Music review: Alice Cooper, SSE Hydro, Glasgow

Alice Cooper at the SSE Hydro, Glasgow PIC: Calum Buchan
Alice Cooper at the SSE Hydro, Glasgow PIC: Calum Buchan
Share this article
Have your say

Alice Cooper basically invented the concept of theatrical rock. Now aged 69, polite society’s former bête noire still delivers a spryly camp-driven horror show. In true Frank N Furter style, he performed Feed My Frankenstein in a blood-spattered surgeon’s gown before “evaporating” on a gurney. An enormous Frankenstein’s Monster then galumphed across the stage like an escapee from The Jim Henson Workshop.

Alice Cooper, SSE Hydro, Glasgow ****

He also revived one of his most famous routines for The Ballad of Dwight Fry, during which he was strapped into a straitjacket before being decapitated via guillotine. Good all-American showbiz fun.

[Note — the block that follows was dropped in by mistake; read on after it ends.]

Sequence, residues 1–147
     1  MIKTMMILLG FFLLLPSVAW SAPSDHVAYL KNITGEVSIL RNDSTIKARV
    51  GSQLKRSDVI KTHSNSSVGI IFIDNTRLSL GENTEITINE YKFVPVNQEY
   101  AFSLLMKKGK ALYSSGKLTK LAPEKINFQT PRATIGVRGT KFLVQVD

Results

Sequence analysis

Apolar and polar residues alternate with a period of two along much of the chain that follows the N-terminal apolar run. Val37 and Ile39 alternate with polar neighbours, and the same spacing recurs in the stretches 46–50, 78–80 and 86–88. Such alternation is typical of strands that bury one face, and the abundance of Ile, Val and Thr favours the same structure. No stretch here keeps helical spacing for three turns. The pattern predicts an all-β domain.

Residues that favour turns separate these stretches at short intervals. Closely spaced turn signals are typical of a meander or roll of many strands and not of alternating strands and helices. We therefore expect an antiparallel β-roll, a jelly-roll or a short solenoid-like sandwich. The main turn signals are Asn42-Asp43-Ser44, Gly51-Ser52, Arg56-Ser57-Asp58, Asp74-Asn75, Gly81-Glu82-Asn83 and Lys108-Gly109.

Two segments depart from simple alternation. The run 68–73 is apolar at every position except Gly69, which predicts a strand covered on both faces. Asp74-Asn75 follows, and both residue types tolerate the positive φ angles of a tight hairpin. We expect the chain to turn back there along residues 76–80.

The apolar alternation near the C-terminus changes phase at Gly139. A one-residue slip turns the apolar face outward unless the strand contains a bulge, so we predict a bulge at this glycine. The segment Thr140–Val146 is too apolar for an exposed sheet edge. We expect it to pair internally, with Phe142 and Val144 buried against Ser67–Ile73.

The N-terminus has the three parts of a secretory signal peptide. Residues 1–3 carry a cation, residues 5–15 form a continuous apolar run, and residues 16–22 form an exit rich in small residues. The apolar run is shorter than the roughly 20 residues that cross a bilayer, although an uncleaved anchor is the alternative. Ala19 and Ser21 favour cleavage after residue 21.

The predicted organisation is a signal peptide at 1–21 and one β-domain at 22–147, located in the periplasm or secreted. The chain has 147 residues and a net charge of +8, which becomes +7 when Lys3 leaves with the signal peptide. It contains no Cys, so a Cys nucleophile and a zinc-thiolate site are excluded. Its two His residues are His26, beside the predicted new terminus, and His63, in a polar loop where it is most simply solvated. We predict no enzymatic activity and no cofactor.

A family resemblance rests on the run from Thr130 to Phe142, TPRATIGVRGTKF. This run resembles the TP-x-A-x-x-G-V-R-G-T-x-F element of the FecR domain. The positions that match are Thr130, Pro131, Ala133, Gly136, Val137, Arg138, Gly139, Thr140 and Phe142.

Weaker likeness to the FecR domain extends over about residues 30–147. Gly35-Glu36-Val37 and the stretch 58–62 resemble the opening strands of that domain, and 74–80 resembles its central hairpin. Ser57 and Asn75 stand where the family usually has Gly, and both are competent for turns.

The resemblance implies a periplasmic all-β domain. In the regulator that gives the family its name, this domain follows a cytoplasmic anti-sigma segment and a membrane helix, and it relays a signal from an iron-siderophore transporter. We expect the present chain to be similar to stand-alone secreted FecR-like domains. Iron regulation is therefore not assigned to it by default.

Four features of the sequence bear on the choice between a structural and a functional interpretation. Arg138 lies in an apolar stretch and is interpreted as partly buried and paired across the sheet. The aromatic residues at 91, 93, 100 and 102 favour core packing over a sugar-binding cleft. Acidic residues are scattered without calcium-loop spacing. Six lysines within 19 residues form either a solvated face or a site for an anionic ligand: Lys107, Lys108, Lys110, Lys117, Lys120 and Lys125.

Despite having a new album out, he didn’t play anything from it during this slick tumult of hard rock vaudeville. A crowd-pleasing ham, Cooper knows the last thing we want to hear from a veteran musician is, “Here’s a few numbers from the new record.”

Not that he actually spoke a word all night, presumably to ensure that he didn’t break character (the onstage Cooper is, of course, the snarling alter ego of genial born-again Christian Vincent Furnier). Towards the end of the show he was joined by the three surviving members of the original Alice Cooper band for a set including No More Mr Nice Guy, Billion Dollar Babies, proto-punk classic I’m Eighteen and an inevitable School’s Out.

Cooper has been peddling the same shtick for decades, but it’s never grown stale because his urge to entertain is so endearing. He’s an inveterate showman, the Ken Dodd of rock.